The Chronicle of Higher Education chronicles how the use of badges can be used as a virtual diploma of sorts:
Educational upstarts across the Web are adopting systems of “badges” to certify skills and abilities. If scouting focuses on outdoorsy skills like tying knots, these badges denote areas employers might look for, like mentorship or digital video editing. Many of the new digital badges are easy to attain—intentionally so—to keep students motivated, while others signal mastery of fine-grained skills that are not formally recognized in a traditional classroom.
At the free online-education provider Khan Academy, for instance, students get a “Great Listener” badge for watching 30 minutes of videos from its collection of thousands of short educational clips. With enough of those badges, paired with badges earned for passing standardized tests administered on the site, users can earn the distinction of “Master of Algebra” or other “Challenge Patches.”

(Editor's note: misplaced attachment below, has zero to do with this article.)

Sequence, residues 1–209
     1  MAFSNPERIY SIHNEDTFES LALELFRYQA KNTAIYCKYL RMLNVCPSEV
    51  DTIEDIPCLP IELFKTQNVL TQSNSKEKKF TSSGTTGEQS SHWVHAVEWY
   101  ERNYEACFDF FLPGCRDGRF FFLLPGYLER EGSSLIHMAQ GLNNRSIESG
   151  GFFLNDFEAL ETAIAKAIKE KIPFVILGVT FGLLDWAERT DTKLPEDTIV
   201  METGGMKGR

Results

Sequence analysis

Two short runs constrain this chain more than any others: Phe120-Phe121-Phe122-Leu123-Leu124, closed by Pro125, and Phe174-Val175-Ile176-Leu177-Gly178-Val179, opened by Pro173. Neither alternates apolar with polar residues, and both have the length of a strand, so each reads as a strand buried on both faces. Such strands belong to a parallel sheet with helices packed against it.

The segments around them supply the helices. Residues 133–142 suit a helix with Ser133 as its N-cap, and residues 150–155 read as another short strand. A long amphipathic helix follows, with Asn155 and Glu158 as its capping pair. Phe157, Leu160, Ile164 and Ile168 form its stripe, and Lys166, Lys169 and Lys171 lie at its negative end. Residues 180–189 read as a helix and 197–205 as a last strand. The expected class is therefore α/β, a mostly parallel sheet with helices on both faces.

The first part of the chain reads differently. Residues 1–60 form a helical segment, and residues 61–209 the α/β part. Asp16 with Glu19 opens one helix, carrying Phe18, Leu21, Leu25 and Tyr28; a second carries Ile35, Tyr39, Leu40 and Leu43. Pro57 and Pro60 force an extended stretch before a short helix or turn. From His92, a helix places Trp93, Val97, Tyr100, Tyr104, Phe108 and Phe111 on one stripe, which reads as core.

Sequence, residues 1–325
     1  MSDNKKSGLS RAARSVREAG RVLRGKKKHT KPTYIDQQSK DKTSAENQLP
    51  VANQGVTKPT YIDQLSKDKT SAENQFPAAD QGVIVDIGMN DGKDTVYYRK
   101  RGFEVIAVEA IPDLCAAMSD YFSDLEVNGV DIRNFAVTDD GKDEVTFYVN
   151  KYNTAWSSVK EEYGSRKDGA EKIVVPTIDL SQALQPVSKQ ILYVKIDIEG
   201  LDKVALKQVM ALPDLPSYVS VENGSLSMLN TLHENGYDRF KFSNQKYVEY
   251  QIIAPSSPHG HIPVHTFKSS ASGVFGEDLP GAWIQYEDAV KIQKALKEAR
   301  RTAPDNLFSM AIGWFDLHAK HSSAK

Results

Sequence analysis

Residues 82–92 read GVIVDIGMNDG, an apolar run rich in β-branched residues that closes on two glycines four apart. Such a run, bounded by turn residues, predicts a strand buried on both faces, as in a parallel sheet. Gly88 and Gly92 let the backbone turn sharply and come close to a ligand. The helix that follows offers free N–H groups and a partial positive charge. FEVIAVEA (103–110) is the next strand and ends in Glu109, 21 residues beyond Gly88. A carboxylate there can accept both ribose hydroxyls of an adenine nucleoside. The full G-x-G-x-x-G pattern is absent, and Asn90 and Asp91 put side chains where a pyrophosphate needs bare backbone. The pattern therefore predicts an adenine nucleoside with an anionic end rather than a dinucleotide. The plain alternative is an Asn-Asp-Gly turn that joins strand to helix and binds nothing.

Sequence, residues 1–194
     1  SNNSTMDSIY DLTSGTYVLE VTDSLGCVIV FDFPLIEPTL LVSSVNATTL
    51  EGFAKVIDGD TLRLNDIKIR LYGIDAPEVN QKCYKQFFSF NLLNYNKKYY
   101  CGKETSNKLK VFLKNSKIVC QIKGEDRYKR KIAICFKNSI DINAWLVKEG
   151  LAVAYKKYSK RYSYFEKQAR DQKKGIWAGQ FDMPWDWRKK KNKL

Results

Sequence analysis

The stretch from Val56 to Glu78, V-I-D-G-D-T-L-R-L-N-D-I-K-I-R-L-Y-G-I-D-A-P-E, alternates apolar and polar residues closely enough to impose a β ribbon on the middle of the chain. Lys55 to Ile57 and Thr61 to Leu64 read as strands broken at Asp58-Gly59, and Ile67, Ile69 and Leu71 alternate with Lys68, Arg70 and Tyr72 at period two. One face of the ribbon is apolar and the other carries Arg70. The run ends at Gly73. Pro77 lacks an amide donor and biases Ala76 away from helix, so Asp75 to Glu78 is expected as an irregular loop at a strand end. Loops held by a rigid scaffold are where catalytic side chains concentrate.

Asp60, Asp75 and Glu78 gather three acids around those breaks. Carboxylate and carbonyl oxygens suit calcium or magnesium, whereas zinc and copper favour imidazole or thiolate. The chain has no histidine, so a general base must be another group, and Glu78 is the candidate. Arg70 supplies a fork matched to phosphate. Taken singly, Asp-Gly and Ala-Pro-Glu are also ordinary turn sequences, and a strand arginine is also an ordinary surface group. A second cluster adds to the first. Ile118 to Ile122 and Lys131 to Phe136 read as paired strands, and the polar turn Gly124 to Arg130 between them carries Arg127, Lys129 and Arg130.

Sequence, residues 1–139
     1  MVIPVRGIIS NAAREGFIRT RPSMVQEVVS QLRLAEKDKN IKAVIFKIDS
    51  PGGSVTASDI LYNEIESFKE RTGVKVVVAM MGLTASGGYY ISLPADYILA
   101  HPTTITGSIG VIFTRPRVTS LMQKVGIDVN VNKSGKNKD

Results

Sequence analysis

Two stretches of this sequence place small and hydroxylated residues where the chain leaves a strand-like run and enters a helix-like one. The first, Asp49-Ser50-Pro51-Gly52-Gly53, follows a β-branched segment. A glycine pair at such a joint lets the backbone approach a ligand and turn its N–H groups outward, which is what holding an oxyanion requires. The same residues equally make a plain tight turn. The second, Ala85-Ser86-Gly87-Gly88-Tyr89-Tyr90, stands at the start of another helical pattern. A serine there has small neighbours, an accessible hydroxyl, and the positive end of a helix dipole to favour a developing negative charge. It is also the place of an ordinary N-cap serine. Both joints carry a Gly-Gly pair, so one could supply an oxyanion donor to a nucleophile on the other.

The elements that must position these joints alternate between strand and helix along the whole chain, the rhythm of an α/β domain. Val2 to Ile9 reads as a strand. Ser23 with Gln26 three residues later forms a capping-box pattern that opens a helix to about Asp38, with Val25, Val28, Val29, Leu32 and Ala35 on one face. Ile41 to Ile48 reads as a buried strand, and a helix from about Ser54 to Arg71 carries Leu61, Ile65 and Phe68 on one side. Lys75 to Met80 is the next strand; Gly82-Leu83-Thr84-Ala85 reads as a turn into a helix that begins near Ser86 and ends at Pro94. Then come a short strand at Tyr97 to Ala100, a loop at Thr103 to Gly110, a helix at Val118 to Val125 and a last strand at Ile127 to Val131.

Traditional colleges and universities are considering badges and other alternative credentials as well. In December the Massachusetts Institute of Technology announced that it will create MITx, a self-service learning system in which students can take online tests and earn certificates after watching the free lecture materials the university has long posted as part of its OpenCourseWare project.
MIT also has an arrangement with a company called OpenStudy, which runs online study groups, to give online badges to students who give consistently useful answers in discussion forums set up around the university’s free course materials.
I know of one great organization that uses badges!